Dewey council hears brewpub proposalBusiness would require a zoning change
Dewey Beach — Two men with roots in Dewey Beach are aiming to open the small town’s first microbrewery.
Brandon Smith, manager of Fifer’s Orchard, and Dewey Beach resident Clint Bunting, president of Rehoboth Beach Main Street, presented a business proposal to Dewey Beach Town Council March 9. Smith said the proposed brewpub would produce beer, offer brewery tours and house a small tasting room on Route 1.
“We are home brewers, and this is the first step in making ourselves microbrewers,” he said.
Unlike many other businesses in Dewey Beach, Smith said, the brewpub would not be dependent on the summer season. “We would be a living, breathing business all year round,” he said. “Just because people left, it doesn’t mean we closed down.”
Smith said the brewpub could piggyback on shoulder-season events to attract more fall and winter visitors to Dewey Beach. “There is a state-sponsored Delaware Beer Week in October,” he said. “We want to have maybe a Dewey Beer Week here in October.”
He also said the brewpub would never exceed 90 patrons. “We are not a bar,” Smith said. “We are craft beer. There’s a cultural difference.”
Bunting said part of his role in the operation would be to upgrade the building, which he owns, at 2100 Coastal Highway. The proposed brewery would be located in the end unit of the building, formerly Bishop’s Coffee Company, which is now unoccupied.
The brewpub would be open to the public from 10 a.m. to 11 p.m., and the brewery would operate from 9 a.m. to 6 p.m., Smith said.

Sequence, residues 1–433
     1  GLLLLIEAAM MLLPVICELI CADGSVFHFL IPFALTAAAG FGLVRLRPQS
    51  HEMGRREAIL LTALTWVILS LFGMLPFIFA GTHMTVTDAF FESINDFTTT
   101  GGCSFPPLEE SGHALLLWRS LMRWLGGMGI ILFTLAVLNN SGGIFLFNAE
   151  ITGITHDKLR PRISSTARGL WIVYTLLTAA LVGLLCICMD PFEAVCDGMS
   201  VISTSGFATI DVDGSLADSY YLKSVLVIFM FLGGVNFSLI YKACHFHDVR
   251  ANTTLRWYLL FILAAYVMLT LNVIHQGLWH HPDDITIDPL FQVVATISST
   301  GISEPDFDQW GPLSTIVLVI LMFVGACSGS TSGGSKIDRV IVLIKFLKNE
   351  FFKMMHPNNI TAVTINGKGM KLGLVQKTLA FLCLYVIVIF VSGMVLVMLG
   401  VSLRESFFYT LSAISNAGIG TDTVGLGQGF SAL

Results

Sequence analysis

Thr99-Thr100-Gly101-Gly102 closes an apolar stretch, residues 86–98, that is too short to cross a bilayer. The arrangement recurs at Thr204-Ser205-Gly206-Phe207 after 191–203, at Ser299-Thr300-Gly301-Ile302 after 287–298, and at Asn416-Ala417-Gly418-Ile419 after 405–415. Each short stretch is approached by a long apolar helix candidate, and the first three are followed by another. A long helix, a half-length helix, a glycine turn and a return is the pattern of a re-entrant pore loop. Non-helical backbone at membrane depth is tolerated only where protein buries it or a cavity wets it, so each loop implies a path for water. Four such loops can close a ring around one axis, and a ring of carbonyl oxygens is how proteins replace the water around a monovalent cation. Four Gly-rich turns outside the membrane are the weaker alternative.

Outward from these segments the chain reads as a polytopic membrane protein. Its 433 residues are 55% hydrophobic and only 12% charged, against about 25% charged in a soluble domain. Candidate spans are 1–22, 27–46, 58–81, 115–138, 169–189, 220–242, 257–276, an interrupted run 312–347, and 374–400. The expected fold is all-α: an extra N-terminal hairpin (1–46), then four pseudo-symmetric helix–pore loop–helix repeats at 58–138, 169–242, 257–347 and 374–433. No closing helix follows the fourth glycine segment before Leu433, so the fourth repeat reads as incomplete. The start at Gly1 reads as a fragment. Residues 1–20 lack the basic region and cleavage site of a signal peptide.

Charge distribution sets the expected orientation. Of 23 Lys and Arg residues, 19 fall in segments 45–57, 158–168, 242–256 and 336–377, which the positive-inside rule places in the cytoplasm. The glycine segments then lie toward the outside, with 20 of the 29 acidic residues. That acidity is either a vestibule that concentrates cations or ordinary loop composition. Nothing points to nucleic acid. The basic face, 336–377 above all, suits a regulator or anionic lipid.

Smith said he expects the brewery would make 1,600 barrels in its first year of operation. Beer would be brewed twice a week, and the smell being emitted would be similar to cooked grains.
Property owner Marcia Schieck said she wanted a guarantee the operation would emit no odors. “I own the house behind the proposed establishment,” she said. “The odors can be quite strong from brewing.”
She said the stretch of Route 1 between Dewey Beach and Rehoboth Beach would be a more appropriate place for a manufacturing operation. Schieck also said a brewery could open the door to more manufacturing in Dewey Beach.
Bunting said he was confident the smells from the brewery would be less offensive than the smells that came from Bubba’s Grill, next door to the establishment. “Less smells than that gas station that’s right behind your property,” he said.
Town Attorney Fred Townsend said an ordinance would have to be drafted and a public hearing held before council could approve the business. “It’s not really a restaurant; it’s not really a bar,” he said. “We don’t have a classification that exists.”
“This is going to be a zoning change,” Townsend said. He said council could either create a manufacturing zone or target an ordinance specific to the microbrewery.
Commissioner Courtney Riordan said Townsend should develop a low-cost conditional-use permit for the business. “It’s an attractive proposal,” he said.